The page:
The Music Theory department always has a large contingent representing McGill at the Society for Music Theory events, and this weekend's Annual Meeting in Columbus, Ohio was no exception. The work being presented covered an incredibly diverse range of topics – in this year’s case the research spanned several centuries; everything from Frescobaldi’s canzonas to hip-hop.
Theory Professors Nicole Biamonte and Edward Klorman presented a joint paper called Extended Final Phrases in Popular Songs. Professor Peter Schubert (who was awarded the Gail Boyd de Stwolinski Prize for Lifetime Achievement in Music Theory Teaching and Scholarship from the Journal of Music Theory Pedagogy this weekend) presented a ‘lightning talk’ at the Improvisation Interest Group meeting on the visual aspect of Renaissance vocal improvisation.
Professor Edward Klorman was awarded the Emerging Scholar Award (Book Category) from the Society for Music Theory in a ceremony on Saturday. You can find out more about Prof. Klorman's winning book, Mozart’s Music of Friends: Social Interplay in the Chamber Works, in this short video.
With award-winning mentors of this calibre, it comes as no surprise that eight graduate students and recent graduates were selected to present their work this year:
Living Toys in Adès's Living Toys: Transforming the Post-Tonal Topic
Segmentation and Phrasing in Hip-Hop Flow
Influence of Bluegrass and Radiohead on Metric Complexity in Punch Brothers
Harmonic Syntax in the Canzonas of Frescobaldi
Encoding Post-Spectral Thought: Kaija Saariaho’s Early Electronic Works at IRCAM, 1982–87
Thomas William Posen
Double-Tonic Complexes as Bistable Phenomena in Gershwin
Metric Transformations in Hip-Hop and R&B Sampling Practice
Laurence Sinclair Willis
Formal Interplay in Ternary Piano Works by Johannes Brahms
This photo from the event includes some of the Schulich attendees, left-right: Laurence Willis (PhD), Benjamin Duinker (PhD), Thomas Posen (PhD), Jeremy Tatar (PhD), Professor William Caplin, Amanda Goldstein (MA), Lara Balikci (MA), Lindsay Rader (MA), and Rachel Hottle (MA) in the background presenting her research poster:
The thriving graduate program at Schulich has many opportunities for theory students to hone their craft. A theory club has been formed for students to share ideas and get constructive feedback, and a regular meeting for students in the midst of writing their dissertations give students another way to build community. They are mentored through the process of turning class papers into conference proposals, and fine-tuning proposals and applications, and the large number of students being accepted at conferences is a testament to this rich research environment.
We asked some of the students who presented at the SMT Annual Meeting in Ohio to talk about their research experiences at Schulich:
Recent PhD graduate, currently a teaching fellow at Harvard University
"My research branches out from music theory into other disciplines, as is reflected by my choice of two advisors: Robert Hasegawa (theory) and Jonathan Sterne (media studies). I've found the theory department at McGill to be very open-minded and receptive to the idea of working across disciplinary divides. There is no official degree option, but there are many well-worn inter-departmental pathways, and faculty seem happy to provide guidance and support for students looking to combine theoretical approaches with those from other fields. In my mind, this is a key quality that makes the Schulich School of Music a model for how to expand the traditional theory curriculum, making it more responsive to the diverse research interests of graduate students.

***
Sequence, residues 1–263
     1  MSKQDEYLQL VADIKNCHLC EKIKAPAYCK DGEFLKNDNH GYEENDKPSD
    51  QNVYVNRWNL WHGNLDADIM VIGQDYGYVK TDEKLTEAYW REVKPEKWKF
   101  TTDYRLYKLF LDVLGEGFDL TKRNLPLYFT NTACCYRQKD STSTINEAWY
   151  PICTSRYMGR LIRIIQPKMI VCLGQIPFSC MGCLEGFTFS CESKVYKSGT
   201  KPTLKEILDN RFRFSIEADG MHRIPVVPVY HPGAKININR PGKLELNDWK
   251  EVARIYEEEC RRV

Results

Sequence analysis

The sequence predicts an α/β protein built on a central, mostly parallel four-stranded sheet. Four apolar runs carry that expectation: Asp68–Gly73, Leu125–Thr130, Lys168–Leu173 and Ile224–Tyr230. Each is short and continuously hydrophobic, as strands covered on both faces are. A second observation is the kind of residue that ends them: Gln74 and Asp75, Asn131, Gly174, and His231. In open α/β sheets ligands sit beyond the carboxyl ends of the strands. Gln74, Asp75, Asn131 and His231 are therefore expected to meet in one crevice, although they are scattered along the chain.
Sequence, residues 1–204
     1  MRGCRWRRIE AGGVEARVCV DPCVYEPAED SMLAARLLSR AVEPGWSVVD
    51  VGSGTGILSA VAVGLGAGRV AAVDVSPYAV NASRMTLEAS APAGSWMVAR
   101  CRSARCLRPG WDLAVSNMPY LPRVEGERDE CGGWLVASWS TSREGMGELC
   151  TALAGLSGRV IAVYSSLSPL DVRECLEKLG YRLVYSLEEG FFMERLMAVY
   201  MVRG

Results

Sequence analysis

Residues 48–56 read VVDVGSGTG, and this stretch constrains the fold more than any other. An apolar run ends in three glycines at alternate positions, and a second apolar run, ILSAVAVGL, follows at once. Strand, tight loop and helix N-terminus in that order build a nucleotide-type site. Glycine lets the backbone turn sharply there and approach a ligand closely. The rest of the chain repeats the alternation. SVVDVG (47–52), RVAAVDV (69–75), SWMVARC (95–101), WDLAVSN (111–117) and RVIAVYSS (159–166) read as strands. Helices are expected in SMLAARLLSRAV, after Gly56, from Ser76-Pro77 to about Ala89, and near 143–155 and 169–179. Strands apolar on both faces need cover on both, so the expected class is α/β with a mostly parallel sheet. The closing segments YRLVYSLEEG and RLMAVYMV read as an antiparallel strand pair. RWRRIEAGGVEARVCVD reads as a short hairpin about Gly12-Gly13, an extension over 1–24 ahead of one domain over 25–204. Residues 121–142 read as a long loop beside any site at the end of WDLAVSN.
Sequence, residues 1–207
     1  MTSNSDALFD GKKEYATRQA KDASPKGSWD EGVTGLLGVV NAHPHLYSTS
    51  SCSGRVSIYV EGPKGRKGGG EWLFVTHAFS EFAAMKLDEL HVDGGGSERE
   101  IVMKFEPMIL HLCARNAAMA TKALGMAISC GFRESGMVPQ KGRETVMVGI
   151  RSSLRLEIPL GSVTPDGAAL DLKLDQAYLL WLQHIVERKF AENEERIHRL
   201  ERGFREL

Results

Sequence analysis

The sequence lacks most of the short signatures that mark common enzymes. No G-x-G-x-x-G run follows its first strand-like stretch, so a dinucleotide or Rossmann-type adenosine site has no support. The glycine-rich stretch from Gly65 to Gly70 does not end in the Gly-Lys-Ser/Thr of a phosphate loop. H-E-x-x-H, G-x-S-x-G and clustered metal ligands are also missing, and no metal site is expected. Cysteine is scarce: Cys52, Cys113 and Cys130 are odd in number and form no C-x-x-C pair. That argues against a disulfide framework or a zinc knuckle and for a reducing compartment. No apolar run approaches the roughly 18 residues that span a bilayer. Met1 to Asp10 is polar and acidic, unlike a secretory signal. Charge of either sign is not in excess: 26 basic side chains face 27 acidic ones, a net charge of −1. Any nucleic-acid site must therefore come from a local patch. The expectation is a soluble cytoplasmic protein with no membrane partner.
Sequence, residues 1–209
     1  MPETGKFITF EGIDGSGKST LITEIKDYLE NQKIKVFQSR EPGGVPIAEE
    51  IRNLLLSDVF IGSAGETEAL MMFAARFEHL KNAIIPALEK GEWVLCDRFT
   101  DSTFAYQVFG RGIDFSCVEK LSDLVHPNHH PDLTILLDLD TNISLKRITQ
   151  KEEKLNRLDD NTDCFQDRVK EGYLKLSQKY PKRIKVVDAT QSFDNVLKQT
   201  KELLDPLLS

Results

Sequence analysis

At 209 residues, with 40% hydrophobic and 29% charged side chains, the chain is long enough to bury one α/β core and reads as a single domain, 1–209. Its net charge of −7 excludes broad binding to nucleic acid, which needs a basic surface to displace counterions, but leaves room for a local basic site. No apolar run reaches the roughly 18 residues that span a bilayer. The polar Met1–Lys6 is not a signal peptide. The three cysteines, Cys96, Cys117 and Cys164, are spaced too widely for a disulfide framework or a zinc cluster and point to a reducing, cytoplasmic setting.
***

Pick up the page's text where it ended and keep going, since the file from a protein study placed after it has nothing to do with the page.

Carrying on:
The music theory program at McGill has a deep bench of professors who are among the most widely recognized in the field, each having contributed greatly to their respective areas of expertise. Their ability to speak to an impressively broad range of research topics has been an enormous resource for me as a graduate student, helping me to become more knowledgeable and informed about how I want to craft my own research program."
Recent PhD graduate, and winner of the 2018-2019 Teaching Award in the TA/Graduate Instructor category
"The Schulich Music Theory Area not only has a diverse faculty with variegated research interests, but a remarkable spread of student-led research. Whenever I present my work in front of faculty members or fellow students, I'm confident I'll receive insightful comments and questions from those whose research areas are different from mine. This never fails to broaden my perspective on my own work."
PhD student, winner of the 2017-2018 International Grant Competition, Music Research category
"Something fantastic about studying at McGill is the wide range of research interests represented by faculty and student cohort alike. It is great knowing that there is always someone to talk about your ideas with, whether about Renaissance motets or 90s hip-hop or anything in between. Working at McGill emphasizes that no kinds of music are off-limits to study, and that you can always find the support you need."
Master’s student, winner of the 2018-2019 International Grant Competition, Music Research category
"As a first year student last year, I was pretty terrified at the prospect of turning a seminar paper into a conference presentation, but the McGill theorists were so supportive every step of the way! I'm so grateful for the many professors and peers who helped edit my proposal, listened to my presentation, and helped boost my confidence in anticipation of the spring's conferences and also SMT."
"Reading through each others' proposals for SMT as a group, alongside close support from faculty, has been invaluable. The diversity of topics represented by McGill reflects this."